Lufthansa’s deal with the Italian government is to acquire, initially at least, a 41% stake in ITA Airways – although it also includes an option ultimately to acquire a majority stake. Spohr has previously cited ITA’s relatively low share of the Italian market as a reason why competition issues should not be significant and said he hoped clearance could come from before year-end.

Reports subsequently emerged at September’s G20 summit of Italian prime minister Giorgia Meloni’s frustrations over the Commission’s approach, and a decision will run into 2024 given Lufthansa is still to file formal notification for the merger with the Commission.

“We are in close and daily constructive dialogue with the European Commission to prepare the formal notification, because in this pre-notification stage you try to overcome potential resistance and questions,” says Spohr. “Quality of diligence in such a transaction, which is a lifelong relationship, is more important than speed or haste.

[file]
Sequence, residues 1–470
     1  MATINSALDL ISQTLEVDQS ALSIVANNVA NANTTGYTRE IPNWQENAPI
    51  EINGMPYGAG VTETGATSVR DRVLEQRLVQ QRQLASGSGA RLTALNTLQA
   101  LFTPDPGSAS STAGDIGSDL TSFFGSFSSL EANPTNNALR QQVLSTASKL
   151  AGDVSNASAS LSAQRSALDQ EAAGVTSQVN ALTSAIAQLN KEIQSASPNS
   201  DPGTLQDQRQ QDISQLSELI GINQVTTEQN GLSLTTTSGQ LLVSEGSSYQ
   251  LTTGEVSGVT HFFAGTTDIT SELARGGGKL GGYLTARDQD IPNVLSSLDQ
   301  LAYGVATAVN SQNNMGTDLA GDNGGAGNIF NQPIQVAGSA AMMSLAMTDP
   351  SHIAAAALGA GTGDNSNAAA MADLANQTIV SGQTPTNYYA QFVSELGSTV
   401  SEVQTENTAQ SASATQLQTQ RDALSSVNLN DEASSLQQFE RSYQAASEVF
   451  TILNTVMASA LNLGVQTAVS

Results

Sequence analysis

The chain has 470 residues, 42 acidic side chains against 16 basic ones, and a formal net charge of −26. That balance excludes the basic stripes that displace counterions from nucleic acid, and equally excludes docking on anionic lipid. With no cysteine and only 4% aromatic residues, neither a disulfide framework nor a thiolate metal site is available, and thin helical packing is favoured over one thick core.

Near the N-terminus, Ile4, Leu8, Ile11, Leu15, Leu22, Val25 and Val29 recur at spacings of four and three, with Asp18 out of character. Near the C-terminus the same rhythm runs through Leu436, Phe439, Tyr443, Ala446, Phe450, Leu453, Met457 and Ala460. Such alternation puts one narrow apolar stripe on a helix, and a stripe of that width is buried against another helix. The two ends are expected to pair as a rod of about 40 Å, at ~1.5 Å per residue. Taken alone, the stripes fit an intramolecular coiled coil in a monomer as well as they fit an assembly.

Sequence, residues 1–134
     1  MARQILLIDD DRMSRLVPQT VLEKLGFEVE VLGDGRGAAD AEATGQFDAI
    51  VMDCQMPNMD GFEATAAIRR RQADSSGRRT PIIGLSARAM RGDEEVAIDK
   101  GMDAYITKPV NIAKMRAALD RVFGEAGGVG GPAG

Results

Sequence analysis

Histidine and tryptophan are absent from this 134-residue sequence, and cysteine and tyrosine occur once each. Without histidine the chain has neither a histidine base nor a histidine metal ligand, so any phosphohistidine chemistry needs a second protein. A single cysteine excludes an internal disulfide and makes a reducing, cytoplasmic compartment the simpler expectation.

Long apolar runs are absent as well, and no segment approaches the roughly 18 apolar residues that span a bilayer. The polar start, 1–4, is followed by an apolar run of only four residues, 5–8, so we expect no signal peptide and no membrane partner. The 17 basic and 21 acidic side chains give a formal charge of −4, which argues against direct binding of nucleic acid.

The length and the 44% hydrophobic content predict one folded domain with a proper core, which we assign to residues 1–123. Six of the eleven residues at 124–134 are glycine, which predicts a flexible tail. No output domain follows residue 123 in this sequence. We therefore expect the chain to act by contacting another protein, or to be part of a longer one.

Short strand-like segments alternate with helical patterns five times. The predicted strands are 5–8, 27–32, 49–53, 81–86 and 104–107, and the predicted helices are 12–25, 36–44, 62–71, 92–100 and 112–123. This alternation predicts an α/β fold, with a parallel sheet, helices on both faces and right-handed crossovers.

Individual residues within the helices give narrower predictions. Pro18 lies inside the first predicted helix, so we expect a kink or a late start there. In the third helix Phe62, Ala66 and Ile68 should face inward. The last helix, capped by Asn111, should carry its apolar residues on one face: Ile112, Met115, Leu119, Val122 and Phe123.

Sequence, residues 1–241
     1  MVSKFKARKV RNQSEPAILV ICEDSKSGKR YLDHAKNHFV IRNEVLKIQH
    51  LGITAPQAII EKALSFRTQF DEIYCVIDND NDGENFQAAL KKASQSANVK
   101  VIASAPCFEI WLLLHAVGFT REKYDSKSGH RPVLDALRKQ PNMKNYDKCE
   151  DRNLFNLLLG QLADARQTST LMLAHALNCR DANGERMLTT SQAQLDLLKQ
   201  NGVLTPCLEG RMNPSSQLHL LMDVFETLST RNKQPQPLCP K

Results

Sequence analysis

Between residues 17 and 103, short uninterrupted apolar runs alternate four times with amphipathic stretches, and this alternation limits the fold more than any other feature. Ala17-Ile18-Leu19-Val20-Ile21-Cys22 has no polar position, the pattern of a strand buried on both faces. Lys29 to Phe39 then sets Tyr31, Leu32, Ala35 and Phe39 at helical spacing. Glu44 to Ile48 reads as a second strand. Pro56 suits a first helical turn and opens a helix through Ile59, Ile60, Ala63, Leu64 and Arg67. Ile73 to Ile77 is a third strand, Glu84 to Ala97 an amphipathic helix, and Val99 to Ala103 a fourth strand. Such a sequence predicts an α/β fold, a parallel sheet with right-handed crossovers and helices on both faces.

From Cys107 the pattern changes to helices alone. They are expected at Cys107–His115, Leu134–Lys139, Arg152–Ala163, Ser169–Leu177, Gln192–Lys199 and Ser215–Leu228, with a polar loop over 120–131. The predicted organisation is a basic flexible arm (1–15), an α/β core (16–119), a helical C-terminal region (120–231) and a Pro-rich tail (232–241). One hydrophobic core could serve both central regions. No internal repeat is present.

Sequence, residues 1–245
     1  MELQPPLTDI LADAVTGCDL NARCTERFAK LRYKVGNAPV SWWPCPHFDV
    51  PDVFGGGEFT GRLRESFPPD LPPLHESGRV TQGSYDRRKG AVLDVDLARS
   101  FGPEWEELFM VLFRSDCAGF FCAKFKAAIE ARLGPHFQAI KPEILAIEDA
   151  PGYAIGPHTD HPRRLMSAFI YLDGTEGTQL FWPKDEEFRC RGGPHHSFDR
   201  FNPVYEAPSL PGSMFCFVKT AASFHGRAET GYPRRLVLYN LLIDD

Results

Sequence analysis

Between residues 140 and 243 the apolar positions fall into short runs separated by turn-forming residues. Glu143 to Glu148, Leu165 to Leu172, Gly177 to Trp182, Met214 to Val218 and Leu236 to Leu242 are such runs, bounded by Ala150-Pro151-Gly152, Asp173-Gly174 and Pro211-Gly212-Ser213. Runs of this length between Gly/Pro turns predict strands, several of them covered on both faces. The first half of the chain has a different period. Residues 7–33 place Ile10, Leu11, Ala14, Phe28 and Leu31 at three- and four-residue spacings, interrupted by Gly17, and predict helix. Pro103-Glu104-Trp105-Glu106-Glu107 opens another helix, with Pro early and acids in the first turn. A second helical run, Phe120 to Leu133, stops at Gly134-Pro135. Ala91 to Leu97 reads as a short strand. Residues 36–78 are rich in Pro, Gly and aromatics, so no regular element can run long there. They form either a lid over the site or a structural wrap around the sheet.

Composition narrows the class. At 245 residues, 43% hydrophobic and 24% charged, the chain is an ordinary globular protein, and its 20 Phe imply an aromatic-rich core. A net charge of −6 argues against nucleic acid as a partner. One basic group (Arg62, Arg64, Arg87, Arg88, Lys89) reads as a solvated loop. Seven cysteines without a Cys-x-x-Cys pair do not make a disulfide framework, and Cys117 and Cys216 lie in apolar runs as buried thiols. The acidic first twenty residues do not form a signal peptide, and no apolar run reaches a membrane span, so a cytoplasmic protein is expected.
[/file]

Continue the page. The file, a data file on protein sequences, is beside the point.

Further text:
“Our view is ITA is only number three in terms of market share in Italy, or actually number four depending how you count it, with the low-cost carriers being one, two and three. One low-cost carrier alone has 40% market share in Italy, which is resulting in I think the highest price increases the European industry has seen anywhere in [20]23, so I think it is obvious this transaction will increase competition.

”Therefore, we are looking at this in a constructive way to eventually hand in the notification,” he says.


British Airways and Iberia parent IAG has been trying since before the pandemic to get a deal done to add Spanish carrier Air Europa to the group. While the pandemic complicated the structure and price of a deal for Air Europa, regulatory challenges were also a factor in IAG pulling an initial deal for Air Europa at the back end of 2022.

Air Europa Boeing 737-800

Source: TROFNOM/

IAG first agreed a deal for Air Europa in 2019 before the pandemic

However, a fresh structure followed, under which IAG has taken a 20% stake in Air Europa, and a new deal is being put forward to regulators.

“We continue the pre-notification stage with the European Commission, so we are in the process of submitting the information,” IAG chief executive Luis Gallego said during IAG’s third quarter results call on 25 October.

“We are engaging with potential partner for potential remedies, and we still think the operation is going to take about 18 months. So we think this is going to be done in the last quarter of next year.”